North of 60 Mining News - The mining newspaper for Alaska and Canada's North

By Shane Lasley
Mining News 

Washington chosen for Graphite One plant

Graphite materials facility to leverage low-cost hydropower North of 60 Mining News – March 18, 2022

 

Last updated 3/24/2022 at 2:57pm

Graphite One Alaska Washington State plant Creek anode lithium-ion battery EV

Tesla Inc.

Graphite One has selected Washington as the best location to build a plant to upgrade concentrates mined at its Graphite Creek project in Alaska to the spherical coated graphite needed for lithium-ion batteries powering electric vehicles.

Graphite One Inc. March 14 announced that it has selected Washington as the location for the processing plant that will upgrade concentrates mined at its Graphite Creek project in Alaska to the spherical coated graphite needed for lithium-ion batteries and other advanced graphitic materials.

According to a 2019 calculation, the Graphite Creek mine project about 35 miles north of the Alaska gold mining town of Nome hosts 10.95 million metric tons of measured and indicated resources averaging 7.8% (850,534 metric tons) graphitic carbon, plus 91.89 million metric tons of inferred resource averaging 8% (7.34 million metric tons) graphitic carbon.

In 2017, Graphite One published a preliminary economic assessment that outlines plans for a mine at this deposit that would produce roughly 60,000 metric tons of 95% graphite concentrate per year and a processing facility to refine these annual concentrates into 41,850 metric tons of the coated spherical graphite used as an anode material in lithium-ion batteries, plus 13,500 metric tons of purified graphite powders annually.

The company has now confirmed that the processing facility will be built in Washington, a state with plentiful, low-cost hydroelectricity.

"This is a major step towards our 100% U.S.-based advanced graphite supply chain," said Graphite One President and CEO Anthony Huston.

According to recent data from Benchmark Mineral Intelligence, the global leader for lithium battery materials analysis, expects the demand for graphite to grow by 500% over the next decade. This explosive growth is being driven by the rapid transition to electric vehicles, which require an average of roughly 118 pounds of graphite each.

This rapidly increasing need for the graphite that serves as the anode material in lithium-ion batteries powering EVs and storing intermittent renewable energy has garnered the attention of the White House.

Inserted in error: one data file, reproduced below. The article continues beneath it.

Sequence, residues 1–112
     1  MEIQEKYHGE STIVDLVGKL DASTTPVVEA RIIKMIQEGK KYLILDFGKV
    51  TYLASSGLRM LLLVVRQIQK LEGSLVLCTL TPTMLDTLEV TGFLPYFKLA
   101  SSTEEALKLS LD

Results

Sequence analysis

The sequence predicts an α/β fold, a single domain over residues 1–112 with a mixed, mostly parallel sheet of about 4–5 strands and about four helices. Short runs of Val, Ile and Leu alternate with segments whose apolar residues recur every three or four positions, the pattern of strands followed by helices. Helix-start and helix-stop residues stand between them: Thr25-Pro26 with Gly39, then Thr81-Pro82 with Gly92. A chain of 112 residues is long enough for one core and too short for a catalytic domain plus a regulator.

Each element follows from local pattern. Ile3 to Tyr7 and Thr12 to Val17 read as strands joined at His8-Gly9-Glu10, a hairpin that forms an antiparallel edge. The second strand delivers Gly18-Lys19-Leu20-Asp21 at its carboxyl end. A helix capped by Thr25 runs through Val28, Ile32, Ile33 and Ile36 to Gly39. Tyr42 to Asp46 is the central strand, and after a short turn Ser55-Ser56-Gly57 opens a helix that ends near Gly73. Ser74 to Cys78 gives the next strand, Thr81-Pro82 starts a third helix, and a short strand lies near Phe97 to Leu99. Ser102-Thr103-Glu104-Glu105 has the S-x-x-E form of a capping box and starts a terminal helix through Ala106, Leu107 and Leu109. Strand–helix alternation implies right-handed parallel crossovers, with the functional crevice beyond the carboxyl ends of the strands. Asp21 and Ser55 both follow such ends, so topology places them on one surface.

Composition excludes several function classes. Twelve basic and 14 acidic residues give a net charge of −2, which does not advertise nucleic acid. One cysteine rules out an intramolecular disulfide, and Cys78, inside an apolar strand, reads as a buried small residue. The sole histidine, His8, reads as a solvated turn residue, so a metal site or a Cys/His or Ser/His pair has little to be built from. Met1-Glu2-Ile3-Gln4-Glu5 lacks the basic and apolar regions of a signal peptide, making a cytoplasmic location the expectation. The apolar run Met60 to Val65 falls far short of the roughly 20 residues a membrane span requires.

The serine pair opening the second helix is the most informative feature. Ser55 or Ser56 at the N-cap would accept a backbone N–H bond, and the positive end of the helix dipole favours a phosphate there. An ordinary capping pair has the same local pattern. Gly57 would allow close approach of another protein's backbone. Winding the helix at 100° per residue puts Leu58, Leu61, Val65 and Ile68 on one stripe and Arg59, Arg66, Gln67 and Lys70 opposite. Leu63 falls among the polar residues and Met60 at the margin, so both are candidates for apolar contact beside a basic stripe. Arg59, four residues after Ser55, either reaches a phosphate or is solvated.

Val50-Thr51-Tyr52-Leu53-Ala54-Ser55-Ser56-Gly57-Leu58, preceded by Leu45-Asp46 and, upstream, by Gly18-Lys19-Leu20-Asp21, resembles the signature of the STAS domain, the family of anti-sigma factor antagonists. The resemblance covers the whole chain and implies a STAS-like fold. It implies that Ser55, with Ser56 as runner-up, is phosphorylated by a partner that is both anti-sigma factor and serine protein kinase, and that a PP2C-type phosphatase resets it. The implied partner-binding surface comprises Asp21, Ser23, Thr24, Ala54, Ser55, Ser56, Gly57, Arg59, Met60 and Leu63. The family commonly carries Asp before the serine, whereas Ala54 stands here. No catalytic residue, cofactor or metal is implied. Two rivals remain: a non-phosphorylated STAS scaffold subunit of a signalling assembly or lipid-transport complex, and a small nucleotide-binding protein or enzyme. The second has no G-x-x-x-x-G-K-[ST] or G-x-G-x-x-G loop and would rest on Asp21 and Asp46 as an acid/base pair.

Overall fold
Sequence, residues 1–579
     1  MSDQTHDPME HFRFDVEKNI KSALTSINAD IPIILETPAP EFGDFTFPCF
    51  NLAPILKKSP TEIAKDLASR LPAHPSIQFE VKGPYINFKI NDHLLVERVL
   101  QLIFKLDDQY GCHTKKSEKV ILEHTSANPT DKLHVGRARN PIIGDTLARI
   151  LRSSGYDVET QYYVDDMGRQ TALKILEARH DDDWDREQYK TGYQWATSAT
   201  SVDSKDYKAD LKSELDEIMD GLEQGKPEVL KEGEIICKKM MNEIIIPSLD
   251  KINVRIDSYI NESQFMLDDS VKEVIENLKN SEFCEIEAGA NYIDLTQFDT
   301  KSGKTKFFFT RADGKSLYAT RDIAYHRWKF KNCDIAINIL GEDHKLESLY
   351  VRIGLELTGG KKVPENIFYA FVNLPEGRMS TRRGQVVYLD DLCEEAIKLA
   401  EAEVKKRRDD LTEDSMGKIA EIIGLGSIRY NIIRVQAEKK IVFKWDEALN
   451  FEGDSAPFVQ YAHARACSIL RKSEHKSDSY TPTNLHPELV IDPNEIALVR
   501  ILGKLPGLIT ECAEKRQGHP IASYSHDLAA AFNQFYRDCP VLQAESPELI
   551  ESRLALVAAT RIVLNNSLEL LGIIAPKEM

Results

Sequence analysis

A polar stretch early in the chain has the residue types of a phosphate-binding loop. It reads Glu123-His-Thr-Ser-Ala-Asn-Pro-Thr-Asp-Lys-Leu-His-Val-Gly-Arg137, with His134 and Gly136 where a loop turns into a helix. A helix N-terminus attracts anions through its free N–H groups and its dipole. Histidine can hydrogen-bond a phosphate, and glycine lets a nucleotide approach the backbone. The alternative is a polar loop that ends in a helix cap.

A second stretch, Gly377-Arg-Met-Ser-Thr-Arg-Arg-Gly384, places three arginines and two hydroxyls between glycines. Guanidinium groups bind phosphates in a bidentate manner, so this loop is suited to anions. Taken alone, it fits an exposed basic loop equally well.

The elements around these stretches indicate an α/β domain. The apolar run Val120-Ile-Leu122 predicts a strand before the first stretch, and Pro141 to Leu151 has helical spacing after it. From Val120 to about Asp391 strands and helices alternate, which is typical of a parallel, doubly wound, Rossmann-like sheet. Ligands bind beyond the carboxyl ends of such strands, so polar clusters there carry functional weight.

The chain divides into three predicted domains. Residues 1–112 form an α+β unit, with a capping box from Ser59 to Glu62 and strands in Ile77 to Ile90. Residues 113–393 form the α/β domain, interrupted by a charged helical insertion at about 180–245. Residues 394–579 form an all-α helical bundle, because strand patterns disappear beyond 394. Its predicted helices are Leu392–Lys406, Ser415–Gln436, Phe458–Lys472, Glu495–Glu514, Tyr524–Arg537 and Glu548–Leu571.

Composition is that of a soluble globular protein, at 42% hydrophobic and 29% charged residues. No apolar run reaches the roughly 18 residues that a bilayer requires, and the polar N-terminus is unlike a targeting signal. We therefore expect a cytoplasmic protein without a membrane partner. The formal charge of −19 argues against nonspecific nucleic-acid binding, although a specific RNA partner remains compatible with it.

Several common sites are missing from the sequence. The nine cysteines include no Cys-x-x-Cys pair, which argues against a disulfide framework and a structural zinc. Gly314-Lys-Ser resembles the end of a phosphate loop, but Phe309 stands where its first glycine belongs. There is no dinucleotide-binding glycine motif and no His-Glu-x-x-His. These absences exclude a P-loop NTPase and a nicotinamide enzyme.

"If I was going to follow through on my commitment to say we were going to make it in America and build it America ... we needed a supply chain that was reliable ... including in critical materials like lithium, graphite, rare earth materials, which are badly needed for so many American products," President Joe Biden said in a February roundtable discussion on critical minerals.

With a graphite mine in Alaska and an advanced processing facility in Washington, Graphite One would provide a domestic supply of one of the major materials critical to America's burgeoning EV sector.

electric vehicles concentrate hydroelectricity Benchmark Mineral Intelligence

Graphite One Inc.

A lens of high-grade graphite at the Graphite Creek project in western Alaska.

Washington hydroelectricity, which averaged 5.81 cents per kilowatt-hour for industrial customers during 2021, is expected to provide Graphite One a significant advantage on the cost and carbon footprint of upgrading its graphite concentrates to advanced graphite anode material.

"Washington State offers the opportunity for Graphite One to use a green energy source – Washington state hydro – to manufacture a green energy material," Huston said. "That's core to our commitment at Graphite One to make our project a model of ESG in action."

Graphite One is in discussions with Washington public authorities to determine the exact locale of the advanced materials facility that is expected to support 130 high-wage jobs.

The company is also advancing a prefeasibility study that will provide an updated and more detailed look at the economic and engineering parameters of its planned Alaska mine and Washington advanced graphite materials plant.

Author Bio

Shane Lasley, Publisher

Over his more than 14 years of covering mining and mineral exploration, Shane has become renowned for his ability to report on the sector in a way that is technically sound enough to inform industry insiders while being easy to understand by a wider audience.

Email: [email protected]
Phone: (907) 726-1095
https://www.linkedin.com/in/shane-lasley-ab073b12/

 
 

Reader Comments(1)

Eidolon writes:

How about 'mine it in Alaska and make it in Alaska'. GraphiteOne and Washington might congratulate themselves, but this is a slap in Alaska's face.

 
 
 

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